Having loved the first Hobbit movie, and knowing that The Desolation of Smaug would include scenes from my favorite parts of the book, I entered the theater with great expectations. To put it bluntly, I left the theater with great disappointments. In fact, even before the end credits rolled, I was morosely nursing the wounds—the desolation, so to speak—that Peter Jackson had inflicted upon me.

I wish I could say watching the movie was only as bad as eating lembas bread. Unfortunately, it was more distasteful than that.* In the review below, I will refer to the movie as Desolation—and not just because it’s good shorthand. As a reminder, I rate my movies based on three criteria: morally objectionable content (C), artistic merit (A), and my personal opinions (P).

CONTENT (C): 7 out of 10
Desolation has the dishonorable privilege of being the first Middle Earth movie with a couple lines of sexual innuendo between a male and female character. It’s sad when Tolkien’s source material is soiled by such content, even if it is “minor.” On another occasion, one dwarf reports that he told an elf to “go [Dwarvish word] himself.” Other than that, the most potentially objectionable content—from a moral standpoint, that is—is the violence. As with An Unexpected Journey, Desolation has a few instances of what I would consider unnecessary gore. Finally, certain characters make questionable moral choices regarding their treatment of others.

ARTISTRY (A): 5 out of 10
Both the cinematography and editing take a turn for the worse with Desolation. In George Lucas fashion, Jackson relies heavily on CGI shots. Many of these pan and swirl into oblique angles. The effect is distracting, not impressive. The battle scenes are littered with close-up shots, blurry action, and quick cuts, making it hard to discern who is doing what to whom. This isn’t supposed to be another entry into the Jason Bourne franchise.

This film strays more from Tolkien’s source material than any of Jackson’s previous efforts. Some of these choices, such as fleshing out the character of Bard, are laudable. Other additions, such as giving the Dwarves a more active role in the confrontation with Smaug, are understandable, if not entirely successful. Still other embellishments, which involve the inclusion of new characters, are both needless and sometimes cringe-worthy.

Understandably, the filmmakers are more confident in their work, considering their enormous artistic and financial success with the Lord of the Rings trilogy. This success may be part of the reason why Jackson feels comfortable branching out, but it is this very branching out that weakens the narrative. The Lord of the Rings comprised three movies based on three volumes—or, in Tolkien’s mind, one incredibly large volume. I can’t imagine trying to fit that story into one or two movies.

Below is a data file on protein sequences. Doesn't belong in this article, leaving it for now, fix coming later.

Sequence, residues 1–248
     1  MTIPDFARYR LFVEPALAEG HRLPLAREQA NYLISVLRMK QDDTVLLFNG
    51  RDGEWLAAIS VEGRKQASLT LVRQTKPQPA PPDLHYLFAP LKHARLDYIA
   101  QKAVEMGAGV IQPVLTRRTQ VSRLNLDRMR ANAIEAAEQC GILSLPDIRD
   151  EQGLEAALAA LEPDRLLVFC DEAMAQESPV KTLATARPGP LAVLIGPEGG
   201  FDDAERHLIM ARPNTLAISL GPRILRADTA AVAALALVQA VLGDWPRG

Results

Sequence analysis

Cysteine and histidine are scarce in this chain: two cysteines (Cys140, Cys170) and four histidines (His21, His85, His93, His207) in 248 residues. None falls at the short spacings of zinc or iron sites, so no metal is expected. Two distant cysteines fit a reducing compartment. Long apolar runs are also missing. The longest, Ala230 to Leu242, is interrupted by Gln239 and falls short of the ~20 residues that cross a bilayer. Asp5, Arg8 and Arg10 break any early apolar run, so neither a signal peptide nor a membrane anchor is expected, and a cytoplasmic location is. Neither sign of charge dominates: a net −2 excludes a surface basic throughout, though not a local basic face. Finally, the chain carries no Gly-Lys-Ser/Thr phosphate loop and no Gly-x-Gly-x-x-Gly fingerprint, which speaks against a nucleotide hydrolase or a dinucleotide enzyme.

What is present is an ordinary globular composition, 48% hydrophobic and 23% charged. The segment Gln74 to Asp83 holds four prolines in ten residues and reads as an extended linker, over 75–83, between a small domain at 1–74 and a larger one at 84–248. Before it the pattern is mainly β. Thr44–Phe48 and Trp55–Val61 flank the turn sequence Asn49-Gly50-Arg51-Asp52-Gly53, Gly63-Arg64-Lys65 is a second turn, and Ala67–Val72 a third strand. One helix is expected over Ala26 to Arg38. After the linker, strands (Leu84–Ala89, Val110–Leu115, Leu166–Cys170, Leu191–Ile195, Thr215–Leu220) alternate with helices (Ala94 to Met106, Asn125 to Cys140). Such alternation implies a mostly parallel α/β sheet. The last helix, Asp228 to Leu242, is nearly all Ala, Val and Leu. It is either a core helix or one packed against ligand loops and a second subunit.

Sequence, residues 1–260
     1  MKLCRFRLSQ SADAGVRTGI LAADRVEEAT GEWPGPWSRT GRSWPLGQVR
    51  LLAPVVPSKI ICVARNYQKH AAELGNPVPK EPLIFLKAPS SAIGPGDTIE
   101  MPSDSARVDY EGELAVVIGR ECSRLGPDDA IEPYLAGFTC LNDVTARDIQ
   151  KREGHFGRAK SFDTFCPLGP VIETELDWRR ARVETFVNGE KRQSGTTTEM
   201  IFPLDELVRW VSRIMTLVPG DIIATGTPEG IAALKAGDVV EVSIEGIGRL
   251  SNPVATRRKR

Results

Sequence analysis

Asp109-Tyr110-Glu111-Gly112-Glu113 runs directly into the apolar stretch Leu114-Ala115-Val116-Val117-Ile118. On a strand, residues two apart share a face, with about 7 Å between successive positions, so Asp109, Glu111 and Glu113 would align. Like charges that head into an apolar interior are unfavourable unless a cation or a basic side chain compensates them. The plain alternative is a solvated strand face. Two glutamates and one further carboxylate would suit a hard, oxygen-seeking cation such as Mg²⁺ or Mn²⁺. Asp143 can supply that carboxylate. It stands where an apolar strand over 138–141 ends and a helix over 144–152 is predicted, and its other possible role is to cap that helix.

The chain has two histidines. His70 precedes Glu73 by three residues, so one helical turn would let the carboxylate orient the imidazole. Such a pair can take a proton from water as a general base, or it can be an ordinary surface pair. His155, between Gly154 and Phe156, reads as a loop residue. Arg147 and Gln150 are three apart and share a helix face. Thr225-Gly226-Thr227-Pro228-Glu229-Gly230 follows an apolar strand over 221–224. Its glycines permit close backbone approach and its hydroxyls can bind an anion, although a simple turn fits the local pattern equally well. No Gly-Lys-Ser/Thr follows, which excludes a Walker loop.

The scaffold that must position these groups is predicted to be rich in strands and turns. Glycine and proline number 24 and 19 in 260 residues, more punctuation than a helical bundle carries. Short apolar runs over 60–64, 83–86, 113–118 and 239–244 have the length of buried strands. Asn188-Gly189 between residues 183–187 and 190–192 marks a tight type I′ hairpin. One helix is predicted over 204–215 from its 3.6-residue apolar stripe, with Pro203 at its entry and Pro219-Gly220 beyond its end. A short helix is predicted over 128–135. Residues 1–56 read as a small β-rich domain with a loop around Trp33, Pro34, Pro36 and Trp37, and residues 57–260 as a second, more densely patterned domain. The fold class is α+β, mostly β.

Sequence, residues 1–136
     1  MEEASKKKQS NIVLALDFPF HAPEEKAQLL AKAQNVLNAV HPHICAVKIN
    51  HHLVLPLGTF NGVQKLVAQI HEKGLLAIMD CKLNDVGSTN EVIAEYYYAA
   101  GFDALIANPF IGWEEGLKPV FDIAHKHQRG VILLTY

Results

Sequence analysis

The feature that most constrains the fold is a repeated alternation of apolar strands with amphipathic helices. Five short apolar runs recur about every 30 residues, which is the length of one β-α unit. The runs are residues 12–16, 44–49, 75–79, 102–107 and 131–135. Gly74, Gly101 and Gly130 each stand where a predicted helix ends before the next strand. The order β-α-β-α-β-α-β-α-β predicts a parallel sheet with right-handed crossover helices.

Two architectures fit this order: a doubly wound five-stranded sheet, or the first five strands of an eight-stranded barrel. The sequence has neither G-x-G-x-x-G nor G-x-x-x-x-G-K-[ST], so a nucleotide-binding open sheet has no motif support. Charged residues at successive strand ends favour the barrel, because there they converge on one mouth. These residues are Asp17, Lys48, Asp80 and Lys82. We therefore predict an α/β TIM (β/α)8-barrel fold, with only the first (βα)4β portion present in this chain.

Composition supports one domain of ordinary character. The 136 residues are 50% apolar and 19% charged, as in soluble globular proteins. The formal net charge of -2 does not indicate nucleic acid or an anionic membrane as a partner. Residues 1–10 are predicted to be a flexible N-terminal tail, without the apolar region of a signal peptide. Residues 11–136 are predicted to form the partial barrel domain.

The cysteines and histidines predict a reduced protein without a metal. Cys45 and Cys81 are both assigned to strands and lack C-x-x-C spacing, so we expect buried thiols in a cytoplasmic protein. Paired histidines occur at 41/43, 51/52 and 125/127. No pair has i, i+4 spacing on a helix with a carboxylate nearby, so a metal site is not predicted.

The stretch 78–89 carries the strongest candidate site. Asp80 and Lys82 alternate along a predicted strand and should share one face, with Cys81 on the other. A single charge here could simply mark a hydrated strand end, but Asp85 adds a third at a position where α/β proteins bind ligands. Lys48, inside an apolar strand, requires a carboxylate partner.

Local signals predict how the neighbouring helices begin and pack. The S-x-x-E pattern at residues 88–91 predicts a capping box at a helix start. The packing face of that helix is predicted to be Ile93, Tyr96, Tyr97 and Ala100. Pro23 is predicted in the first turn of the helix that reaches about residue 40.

The Hobbit, on the other hand, is just one book, and a smaller one at that. It appears fairly obvious at this point that The Hobbit should have been split into no more than two movies. The source material is being stretched too thin—like butter scraped over too much bread.

PREFERENCE (P): 4 out of 10
I never expected The Hobbit to cater to all my personal preferences. However, the movie did me no favors by simultaneously condensing and embellishing my favorite part of the book—the Mirkwood section (especially the spider sequence). It’s one thing to use artistic license with the Mirkwood material, but it’s another to gut a large portion of it and replace it with utterly superfluous.

Without going into details, I will say the romantic tension inserted into the story is implausible at best. I did finally warm up to the character of Tauriel, but her role in the narrative is sometimes frustrating. She can act recklessly from time to time. Whenever I responded negatively to a rash decision Tauriel made, Shannon just reminded me, “Hey, it’s Kate. What did you expect?” (To be fair to actress Evangeline Lilly, she’s a fine thespian. In fact, she only agreed to play the part of Tauriel on the stipulation that there would be no love triangles. The filmmakers evidently agreed and then went back on their word later in the process. As it stands, the character of Tauriel, like Kate from the TV series Lost, tends to lean toward the impetuous side of things.)

Many of the embellishments just didn’t work for me, including the added material with Bard and Lake-town. And while I enjoyed the official introduction of Smaug, the dragon’s extended role only served to eventually drag the film down into the realm of the ridiculous. I’m sad to say that one of the highlights of the film for me was making fun of it with our friends after it was over. That’s certainly not how The Desolation of Smaug should have ended.

CAP score: 53%

* Disclaimer: I have never actually eaten lembas bread. My statement is based solely on assumptions formed by watching the Lord of the Rings trilogy.